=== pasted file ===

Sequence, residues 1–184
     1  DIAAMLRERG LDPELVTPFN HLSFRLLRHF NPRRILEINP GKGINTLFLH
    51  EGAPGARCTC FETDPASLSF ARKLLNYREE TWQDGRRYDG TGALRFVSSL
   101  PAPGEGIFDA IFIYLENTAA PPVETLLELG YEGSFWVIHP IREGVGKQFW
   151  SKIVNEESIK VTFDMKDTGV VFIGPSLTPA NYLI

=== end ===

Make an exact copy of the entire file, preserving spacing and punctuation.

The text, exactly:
Sequence, residues 1–184
     1  DIAAMLRERG LDPELVTPFN HLSFRLLRHF NPRRILEINP GKGINTLFLH
    51  EGAPGARCTC FETDPASLSF ARKLLNYREE TWQDGRRYDG TGALRFVSSL
   101  PAPGEGIFDA IFIYLENTAA PPVETLLELG YEGSFWVIHP IREGVGKQFW
   151  SKIVNEESIK VTFDMKDTGV VFIGPSLTPA NYLI